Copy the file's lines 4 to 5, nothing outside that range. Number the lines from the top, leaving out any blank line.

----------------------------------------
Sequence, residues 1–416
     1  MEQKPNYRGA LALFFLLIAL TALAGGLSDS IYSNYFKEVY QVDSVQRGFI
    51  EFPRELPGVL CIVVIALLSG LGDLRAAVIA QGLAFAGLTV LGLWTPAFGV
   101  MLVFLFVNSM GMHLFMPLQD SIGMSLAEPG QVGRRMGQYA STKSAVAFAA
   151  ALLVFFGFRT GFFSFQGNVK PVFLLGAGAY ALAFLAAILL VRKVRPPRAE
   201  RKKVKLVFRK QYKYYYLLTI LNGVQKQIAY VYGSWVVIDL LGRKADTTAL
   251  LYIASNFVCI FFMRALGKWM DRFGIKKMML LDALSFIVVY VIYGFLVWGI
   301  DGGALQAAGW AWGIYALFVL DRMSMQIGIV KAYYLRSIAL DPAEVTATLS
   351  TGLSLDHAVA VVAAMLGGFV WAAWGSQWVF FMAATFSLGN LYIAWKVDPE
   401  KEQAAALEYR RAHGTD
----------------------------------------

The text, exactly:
   101  MLVFLFVNSM GMHLFMPLQD SIGMSLAEPG QVGRRMGQYA STKSAVAFAA
   151  ALLVFFGFRT GFFSFQGNVK PVFLLGAGAY ALAFLAAILL VRKVRPPRAE